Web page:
The CCRC replied stating that they did not consider her case to be "in the public interest", declined to consider the application and returned my submission unread.
This curious response has baffled both campaigners and the 40 million global internet surfers - the equivalent of two thirds Britain's total population - who have now logged on to this website over the past decade.
Following advice from prominent Members of Parliament, including Lord Ancram and Michael Howard QC, the Minister who introduced the Commission who explained that cases like Mrs. Duncan's were the very reason that the CCRC was set up, I sought expert advice from counsel.
We have now secured the invaluable help of the prominent expert barrister, Mr Timothy Barnes QC from the leading London Chambers of Bedford Row.
Mr Barnes has an impressive track record. He is ranked as a leading silk in Fraud in the legal Directories. He has expertise in handling submissions to such technical legal subjects with the Criminal Cases Review Commission.
After reading our detailed submission Mr Barnes has commented; To state that defence counsel was clearly erroneous in the way that he presented the defence is overgenerous". He adds the flaws in the defence by Counsel showed a level of professional incompetence, most probably caused by Mr Loseby not being a practicing Criminal Barrister.
As a direct result of his advice, we can now submit that Mrs. Duncans defence barrister, Charles Loseby, failed to present Mrs. Duncan to give evidence. In the subsequent appeal, he also submitted that the Judge had allowed the prosecution to bring forward her previous conviction. The details of that were given to the jury of her prosecution in the Edinburgh Sheriffs Court when she was found guilty, according to the prosecution, of fraudulent mediumship and affray and find the sum of £10. If he had investigated to that previous conviction, he would have clearly found that she was found £10 for the affray but the case of fraudulent mediumship was "not proven".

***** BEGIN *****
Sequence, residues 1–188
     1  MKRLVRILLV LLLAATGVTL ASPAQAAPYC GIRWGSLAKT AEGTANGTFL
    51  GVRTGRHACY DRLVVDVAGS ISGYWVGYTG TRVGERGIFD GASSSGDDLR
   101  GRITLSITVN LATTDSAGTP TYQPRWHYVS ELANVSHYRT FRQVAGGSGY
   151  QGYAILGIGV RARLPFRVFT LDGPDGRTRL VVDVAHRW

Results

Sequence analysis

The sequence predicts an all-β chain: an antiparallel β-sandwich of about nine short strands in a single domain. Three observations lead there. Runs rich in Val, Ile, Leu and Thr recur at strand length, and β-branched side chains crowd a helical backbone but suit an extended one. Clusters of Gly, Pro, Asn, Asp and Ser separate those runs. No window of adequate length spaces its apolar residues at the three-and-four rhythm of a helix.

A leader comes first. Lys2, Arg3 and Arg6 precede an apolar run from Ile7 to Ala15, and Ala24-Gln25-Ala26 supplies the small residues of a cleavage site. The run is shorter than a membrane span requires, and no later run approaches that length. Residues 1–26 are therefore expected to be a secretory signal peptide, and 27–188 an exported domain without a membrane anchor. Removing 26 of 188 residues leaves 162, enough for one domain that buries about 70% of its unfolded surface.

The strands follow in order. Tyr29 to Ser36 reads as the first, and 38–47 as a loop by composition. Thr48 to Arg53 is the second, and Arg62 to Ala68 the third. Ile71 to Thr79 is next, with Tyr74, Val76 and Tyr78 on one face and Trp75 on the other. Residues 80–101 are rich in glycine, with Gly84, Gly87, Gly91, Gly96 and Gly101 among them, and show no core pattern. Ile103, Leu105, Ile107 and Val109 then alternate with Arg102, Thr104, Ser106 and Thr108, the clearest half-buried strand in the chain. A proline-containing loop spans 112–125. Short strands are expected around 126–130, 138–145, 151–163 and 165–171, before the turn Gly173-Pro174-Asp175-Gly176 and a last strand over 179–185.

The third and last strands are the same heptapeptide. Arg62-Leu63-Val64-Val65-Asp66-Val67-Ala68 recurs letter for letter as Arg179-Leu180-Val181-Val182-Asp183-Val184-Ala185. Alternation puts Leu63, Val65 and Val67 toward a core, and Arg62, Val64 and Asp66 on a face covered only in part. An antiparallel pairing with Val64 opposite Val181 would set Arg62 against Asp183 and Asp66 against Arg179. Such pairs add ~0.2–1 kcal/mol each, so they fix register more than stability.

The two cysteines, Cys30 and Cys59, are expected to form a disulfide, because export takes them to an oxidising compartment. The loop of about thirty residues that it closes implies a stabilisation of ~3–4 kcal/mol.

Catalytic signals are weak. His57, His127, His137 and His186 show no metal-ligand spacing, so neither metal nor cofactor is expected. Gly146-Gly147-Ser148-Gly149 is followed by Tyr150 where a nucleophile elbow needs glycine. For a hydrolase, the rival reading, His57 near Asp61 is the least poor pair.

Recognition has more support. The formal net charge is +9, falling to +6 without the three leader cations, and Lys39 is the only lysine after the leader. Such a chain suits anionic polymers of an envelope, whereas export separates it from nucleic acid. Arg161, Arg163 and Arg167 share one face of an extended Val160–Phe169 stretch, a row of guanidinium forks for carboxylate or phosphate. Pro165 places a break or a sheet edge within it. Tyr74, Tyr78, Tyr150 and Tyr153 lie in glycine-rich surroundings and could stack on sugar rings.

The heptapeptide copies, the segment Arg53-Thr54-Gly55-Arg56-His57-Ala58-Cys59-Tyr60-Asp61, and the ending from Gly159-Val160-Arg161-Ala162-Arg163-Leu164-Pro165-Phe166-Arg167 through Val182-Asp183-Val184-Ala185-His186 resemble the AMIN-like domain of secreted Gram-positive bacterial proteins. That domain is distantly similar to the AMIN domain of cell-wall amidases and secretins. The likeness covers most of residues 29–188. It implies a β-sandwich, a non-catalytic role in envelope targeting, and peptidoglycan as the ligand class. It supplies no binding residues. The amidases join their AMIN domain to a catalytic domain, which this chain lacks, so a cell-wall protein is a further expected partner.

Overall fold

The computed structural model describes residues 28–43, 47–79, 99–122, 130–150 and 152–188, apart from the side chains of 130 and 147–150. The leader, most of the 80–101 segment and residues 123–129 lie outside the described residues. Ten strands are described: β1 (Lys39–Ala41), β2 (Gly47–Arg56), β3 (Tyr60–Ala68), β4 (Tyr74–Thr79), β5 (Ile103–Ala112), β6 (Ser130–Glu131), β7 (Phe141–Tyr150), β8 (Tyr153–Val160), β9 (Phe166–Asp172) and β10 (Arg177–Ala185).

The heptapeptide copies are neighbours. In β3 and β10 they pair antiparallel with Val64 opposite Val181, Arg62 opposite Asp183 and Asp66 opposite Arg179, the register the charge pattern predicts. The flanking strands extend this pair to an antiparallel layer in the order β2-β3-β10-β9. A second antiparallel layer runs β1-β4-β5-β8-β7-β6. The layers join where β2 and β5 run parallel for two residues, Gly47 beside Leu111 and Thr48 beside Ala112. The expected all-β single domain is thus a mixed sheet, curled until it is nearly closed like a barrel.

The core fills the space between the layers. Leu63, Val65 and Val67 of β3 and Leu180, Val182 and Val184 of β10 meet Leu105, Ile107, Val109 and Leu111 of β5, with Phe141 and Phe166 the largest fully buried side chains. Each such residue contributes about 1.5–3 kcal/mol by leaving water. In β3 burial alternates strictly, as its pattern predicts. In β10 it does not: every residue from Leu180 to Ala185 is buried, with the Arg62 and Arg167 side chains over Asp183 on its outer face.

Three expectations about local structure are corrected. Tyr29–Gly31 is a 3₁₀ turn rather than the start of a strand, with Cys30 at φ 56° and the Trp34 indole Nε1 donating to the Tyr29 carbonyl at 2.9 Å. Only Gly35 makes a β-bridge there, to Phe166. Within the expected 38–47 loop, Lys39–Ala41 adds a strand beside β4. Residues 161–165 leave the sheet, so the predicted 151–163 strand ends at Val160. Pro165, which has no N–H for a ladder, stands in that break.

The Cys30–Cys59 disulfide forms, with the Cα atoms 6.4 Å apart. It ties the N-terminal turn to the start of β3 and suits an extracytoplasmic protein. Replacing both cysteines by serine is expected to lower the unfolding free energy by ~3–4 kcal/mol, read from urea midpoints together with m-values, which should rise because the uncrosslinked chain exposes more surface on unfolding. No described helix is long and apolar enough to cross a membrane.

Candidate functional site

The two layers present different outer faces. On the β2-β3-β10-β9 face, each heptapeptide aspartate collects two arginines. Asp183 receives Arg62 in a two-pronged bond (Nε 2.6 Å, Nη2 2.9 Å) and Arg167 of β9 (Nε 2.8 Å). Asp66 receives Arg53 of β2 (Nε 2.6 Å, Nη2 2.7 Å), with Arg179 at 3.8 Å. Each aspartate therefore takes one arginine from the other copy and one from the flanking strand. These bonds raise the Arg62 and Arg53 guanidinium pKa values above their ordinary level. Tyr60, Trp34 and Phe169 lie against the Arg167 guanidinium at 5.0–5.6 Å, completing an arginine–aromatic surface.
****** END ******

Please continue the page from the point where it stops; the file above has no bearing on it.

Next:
Regrettably Mr Loseby being a civil barrister and noted constitutional lawyer, appears not to have known the correct criminal procedure. Neither had he prepared himself adequately in Criminal procedure for this case. But he was no match to the two Prosecution barristers, who were well versed in Criminal law and procedure.
There is no doubt that Mr Loseby had a knowledge of Spiritualism since he had represented the Spiritualist National Union and other Spiritualist organisations in his submission to the Home Office in 1943, to change the law in respect of the Vagrancy Act and Witchcraft Act. Unfortunately, because of the limit on Parliamentary time, the Home Secretary did not have time to put these amendments into law.
However, it is seen from correspondence passing between the Home Secretary and Chief Constables that there was a direction not to prosecute Spiritualist Mediums when they were acting in scientific discovery and sciences.
There is no doubt that Mrs. Duncan was somewhat of an embarrassment to the authorities. In particular, her guide, Albert, in a séance in Edinburgh announced that HMS Hood had been sunk earlier that day in the North Atlantic. The time of this séance was 3:30 pm.
Brigadier Firebrace, a very enthusiastic believer in Spiritualism, who was the Chief of Security at the time in Scotland, attended that séance. He returned to his office and telephoned the Admiralty to see whether, as he called it, the rumour of the sinking was true. At that time it was denied.
By 9:30 p.m., as he was leaving the office, a telephone call was received from the Admiralty confirming the sinking at 1:30 p.m.
The evidence given by Mrs. Duncan's guide was accurate. However, the authorities were clearly worried that this information coming from a third party rather than Central Government could undermine public morale. Particularly, when this country was secretly preparing allied troops for the D-Day landings.
Within six months, a young man materialised in the séance who had been severely burnt and died in the sinking of HMS Barham. The editor of Psychic News, Maurice Barbanell, attended this séance. He returned to make a telephone call to the Admiralty and Home Office, asking why this information had not been divulged to the parents and families of those who had perished. Again, the reason was given that it would have had a serious impact on public morale.
With Helen's name reoccurring, the authorities felt they had a cause for concern. And they acted with a very heavy hand.
The conclusion can only be that Helen Duncan was NOT convicted of being a Fraud instead she was imprisoned because her sources told The Truth. And the Government of the day wanted her out of the way !